Even some of Xander’s fears don’t deter the scenario and having some of the remaining slayers lead by Leah at least gives him and Dawn a bigger advantage. Overall it’s far better than having Xander and Dawn sit around and do nothing, even if there’s a part of me that wishes they were actually aware of what was going on with Buffy and Willow but that’s a minor quibble.
Buffy herself meanwhile keeps on with the escape route and seems to have latched on to speeding a little better than before. Of course, there’s no way Fray’s gonna give up with a halfway decent fight and so having Buffy muse about Fray is a nice way to lead into another confrontation between the two of them.
It’s really good that during these scenes Fray doesn’t come across as an unhinged and instead is just foolishly desperate to maintain her own existence. She’s foolish because Buffy returning to her own time will not affect and even after Dark Willow was exposed as a liar, you’d think Fray would realise that.
Buffy tries to make her see sense and even gives a ‘fate of the world’ spiel but Fray seems more determined to keep Buffy here. Fight wise, it’s not the most impressive that we’ve had but it’s fun enough, even though I’m still siding more with Buffy than Fray. Now if this had been Buffy and Faith, I’d have been rooting for the latter but it isn’t so Buffy gets my vote here.
Dark Willow on the other hand just gawks at the whole smackdown like a voyeur but the best part is addressing the fight from Fray’s point of view. Fray’s assessment of Buffy will make some viewers laugh and a lot agree. She’s fighting a bit of slayer history but she’s fighting it for no reason and that’s saddening on her part. It also doesn’t help her that Buffy is quick thinking with a water tower.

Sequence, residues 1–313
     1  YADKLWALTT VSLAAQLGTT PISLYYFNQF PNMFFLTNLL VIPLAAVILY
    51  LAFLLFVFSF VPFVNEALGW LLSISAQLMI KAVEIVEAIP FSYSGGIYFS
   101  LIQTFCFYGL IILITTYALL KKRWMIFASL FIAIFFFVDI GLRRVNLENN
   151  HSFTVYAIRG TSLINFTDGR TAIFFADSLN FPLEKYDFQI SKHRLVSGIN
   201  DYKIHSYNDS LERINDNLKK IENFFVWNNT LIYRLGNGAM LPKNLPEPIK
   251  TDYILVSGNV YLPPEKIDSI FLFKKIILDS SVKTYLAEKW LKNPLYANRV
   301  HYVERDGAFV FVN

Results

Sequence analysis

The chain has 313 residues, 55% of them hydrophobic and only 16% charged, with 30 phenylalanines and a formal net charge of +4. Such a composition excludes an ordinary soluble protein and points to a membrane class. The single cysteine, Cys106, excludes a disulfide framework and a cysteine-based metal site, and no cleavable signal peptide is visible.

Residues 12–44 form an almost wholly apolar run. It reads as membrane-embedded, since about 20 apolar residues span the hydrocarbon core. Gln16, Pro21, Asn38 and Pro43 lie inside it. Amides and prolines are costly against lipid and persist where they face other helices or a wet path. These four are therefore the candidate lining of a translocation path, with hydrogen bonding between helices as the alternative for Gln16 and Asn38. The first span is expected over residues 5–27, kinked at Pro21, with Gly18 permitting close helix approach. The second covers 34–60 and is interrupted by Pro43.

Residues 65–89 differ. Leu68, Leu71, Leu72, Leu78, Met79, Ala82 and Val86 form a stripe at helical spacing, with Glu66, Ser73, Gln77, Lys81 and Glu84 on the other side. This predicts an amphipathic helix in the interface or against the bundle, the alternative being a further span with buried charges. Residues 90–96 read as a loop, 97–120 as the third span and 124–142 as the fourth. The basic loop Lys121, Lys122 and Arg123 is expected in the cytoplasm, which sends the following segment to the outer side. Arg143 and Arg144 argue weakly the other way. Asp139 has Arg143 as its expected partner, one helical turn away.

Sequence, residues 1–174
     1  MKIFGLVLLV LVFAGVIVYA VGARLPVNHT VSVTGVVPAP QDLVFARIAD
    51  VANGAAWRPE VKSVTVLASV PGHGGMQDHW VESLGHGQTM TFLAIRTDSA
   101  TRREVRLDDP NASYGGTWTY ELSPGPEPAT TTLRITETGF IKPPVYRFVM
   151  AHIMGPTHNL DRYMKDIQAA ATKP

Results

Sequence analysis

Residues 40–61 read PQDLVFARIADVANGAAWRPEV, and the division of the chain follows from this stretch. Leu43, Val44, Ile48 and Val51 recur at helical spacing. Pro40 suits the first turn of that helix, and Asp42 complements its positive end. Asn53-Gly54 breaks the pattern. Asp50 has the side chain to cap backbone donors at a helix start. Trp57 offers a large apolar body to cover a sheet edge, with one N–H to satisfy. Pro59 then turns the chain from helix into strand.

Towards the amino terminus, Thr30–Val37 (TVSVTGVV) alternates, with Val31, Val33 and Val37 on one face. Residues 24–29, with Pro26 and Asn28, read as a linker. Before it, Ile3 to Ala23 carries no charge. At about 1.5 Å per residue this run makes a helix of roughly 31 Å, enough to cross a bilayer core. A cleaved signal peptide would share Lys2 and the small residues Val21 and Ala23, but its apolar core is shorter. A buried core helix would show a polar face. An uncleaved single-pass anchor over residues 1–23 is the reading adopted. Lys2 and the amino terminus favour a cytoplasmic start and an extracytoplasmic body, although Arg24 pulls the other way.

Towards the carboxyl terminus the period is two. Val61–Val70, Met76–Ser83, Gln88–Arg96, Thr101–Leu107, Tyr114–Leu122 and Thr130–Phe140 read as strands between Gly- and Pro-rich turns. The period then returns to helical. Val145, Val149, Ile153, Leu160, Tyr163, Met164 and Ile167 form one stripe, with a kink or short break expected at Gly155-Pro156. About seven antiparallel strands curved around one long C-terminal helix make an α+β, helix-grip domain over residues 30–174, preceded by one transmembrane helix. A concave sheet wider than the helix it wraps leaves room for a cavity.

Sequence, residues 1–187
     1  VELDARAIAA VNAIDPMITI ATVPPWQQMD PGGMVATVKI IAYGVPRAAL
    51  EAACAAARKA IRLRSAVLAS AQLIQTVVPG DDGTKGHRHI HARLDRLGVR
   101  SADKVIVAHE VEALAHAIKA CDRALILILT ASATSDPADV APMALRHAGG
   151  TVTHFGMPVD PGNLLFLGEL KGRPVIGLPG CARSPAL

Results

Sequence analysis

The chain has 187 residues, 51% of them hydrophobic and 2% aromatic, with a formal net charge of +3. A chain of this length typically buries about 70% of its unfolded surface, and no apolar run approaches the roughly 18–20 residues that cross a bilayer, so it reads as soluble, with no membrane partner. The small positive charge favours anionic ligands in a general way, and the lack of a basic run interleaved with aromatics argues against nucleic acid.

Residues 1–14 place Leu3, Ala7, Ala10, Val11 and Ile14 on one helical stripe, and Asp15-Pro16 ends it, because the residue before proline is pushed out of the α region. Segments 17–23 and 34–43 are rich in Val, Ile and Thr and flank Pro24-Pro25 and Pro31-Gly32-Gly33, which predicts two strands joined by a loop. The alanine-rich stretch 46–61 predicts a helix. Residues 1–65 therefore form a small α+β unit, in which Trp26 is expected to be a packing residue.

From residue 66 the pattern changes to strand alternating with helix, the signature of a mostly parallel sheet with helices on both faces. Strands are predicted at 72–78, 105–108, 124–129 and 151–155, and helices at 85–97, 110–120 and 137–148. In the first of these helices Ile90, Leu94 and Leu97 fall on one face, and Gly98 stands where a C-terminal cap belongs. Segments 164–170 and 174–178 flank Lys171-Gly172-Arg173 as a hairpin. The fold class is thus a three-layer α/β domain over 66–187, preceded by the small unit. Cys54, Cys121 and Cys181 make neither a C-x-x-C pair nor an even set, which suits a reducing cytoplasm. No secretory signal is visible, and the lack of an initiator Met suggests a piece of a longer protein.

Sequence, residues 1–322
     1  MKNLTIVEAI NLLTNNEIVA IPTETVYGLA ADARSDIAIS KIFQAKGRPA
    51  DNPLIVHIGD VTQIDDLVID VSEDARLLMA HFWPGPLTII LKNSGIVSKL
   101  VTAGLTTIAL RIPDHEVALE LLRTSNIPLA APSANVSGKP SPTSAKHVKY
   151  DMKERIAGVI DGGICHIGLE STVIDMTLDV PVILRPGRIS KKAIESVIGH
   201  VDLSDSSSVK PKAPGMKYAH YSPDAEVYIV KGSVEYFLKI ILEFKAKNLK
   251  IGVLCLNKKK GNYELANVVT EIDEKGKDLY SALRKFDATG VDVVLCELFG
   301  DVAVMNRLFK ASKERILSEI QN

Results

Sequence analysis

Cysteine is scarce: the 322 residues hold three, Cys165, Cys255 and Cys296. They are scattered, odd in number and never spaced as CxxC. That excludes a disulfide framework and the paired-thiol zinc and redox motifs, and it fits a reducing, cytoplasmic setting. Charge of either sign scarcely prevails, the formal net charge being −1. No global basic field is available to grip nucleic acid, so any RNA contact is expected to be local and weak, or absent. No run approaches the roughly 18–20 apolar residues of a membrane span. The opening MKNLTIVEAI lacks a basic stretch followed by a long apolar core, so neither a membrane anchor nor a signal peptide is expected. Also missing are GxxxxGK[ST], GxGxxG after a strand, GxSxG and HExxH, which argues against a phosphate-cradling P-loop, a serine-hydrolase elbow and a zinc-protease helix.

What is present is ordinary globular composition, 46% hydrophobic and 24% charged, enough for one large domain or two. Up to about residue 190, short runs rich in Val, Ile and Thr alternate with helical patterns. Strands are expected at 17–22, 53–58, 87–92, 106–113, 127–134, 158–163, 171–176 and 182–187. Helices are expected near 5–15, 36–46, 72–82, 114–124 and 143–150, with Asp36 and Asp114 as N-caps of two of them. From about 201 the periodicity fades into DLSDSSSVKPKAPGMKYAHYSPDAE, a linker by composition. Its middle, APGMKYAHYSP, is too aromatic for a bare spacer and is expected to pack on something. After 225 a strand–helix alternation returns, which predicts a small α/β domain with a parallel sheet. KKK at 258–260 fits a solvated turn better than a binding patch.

Elsewhere in the land of actual villains, it’s oddly comforting to know that even a couple as gloriously demented as Amy and Warren are not above fighting over who’s the bigger idiot. I could solve this one very easily – Amy and Warren, you’re both supreme idiots but sadly no-one’s going to be asking for my advice.
The not so loved up couple are of course tearing strips of each other regarding the hit on slayer central and the forest fight. Amy’s critiquing the futility of Warren’s little bomb and Warren himself isn’t that impressed with his girlfriend’s magical army. Weirdly enough, there’s some actually delightful in this.
Warren’s such a hardcore misogynist that at some point, he’s got to say something that will truly piss Amy. Seeing as her magic is basically a skin substitute, Warren should probably hold his tongue and while Amy might have more of an advantage on him, she should definitely watch her back. After all, Warren’s got excellent form as a girlfriend killer but these two against each other could also be entertaining.
It’s also their bickering that puts Twilight in an amused mood and even reveals that his latest addition to the anti-magic cause is Riley. As someone who actually likes Riley, I’m a little disappointed that he’s seemingly coming back as a villain and even when he talks about Buffy in a mocking manner.
So from the little exchange we get, we know that Buffy and Riley have had some contact post “Chosen” and there’s even the speculation that Riley could either be divorced or widowed at this point. If it’s the latter, I could see how this might have lured him into helping Twilight’s cause but I’m actually hoping that he’s really double crossing the magic hater.
As for the real Willow, she does her best to bring Buffy back to the 21st Century and even blindfolds herself so she doesn’t look at the future. Fray might be unsuccessful in stopping Buffy from leaving but Dark Willow certainly has no problem with getting in her way one more time.
So Buffy has apparently failed something and like anyone else reading this issue, she’s bored of Dark Willow’s cryptic clues and wants some straight answers. While Willow doesn’t provide an answer, I’ve read enough interesting theories that Buffy being dragged her was some elaborate scheme so that Dark Willow could finally be set free by having Buffy kill her.